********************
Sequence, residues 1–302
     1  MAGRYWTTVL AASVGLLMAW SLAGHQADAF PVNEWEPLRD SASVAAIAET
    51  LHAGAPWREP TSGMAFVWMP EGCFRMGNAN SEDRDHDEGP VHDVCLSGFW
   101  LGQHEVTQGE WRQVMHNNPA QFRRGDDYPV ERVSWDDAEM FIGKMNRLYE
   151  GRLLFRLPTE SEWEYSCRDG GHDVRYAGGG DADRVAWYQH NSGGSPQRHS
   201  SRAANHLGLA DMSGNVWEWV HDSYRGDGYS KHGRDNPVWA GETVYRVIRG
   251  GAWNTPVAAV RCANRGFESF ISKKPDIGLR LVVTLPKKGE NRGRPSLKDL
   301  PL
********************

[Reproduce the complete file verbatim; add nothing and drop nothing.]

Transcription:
Sequence, residues 1–302
     1  MAGRYWTTVL AASVGLLMAW SLAGHQADAF PVNEWEPLRD SASVAAIAET
    51  LHAGAPWREP TSGMAFVWMP EGCFRMGNAN SEDRDHDEGP VHDVCLSGFW
   101  LGQHEVTQGE WRQVMHNNPA QFRRGDDYPV ERVSWDDAEM FIGKMNRLYE
   151  GRLLFRLPTE SEWEYSCRDG GHDVRYAGGG DADRVAWYQH NSGGSPQRHS
   201  SRAANHLGLA DMSGNVWEWV HDSYRGDGYS KHGRDNPVWA GETVYRVIRG
   251  GAWNTPVAAV RCANRGFESF ISKKPDIGLR LVVTLPKKGE NRGRPSLKDL
   301  PL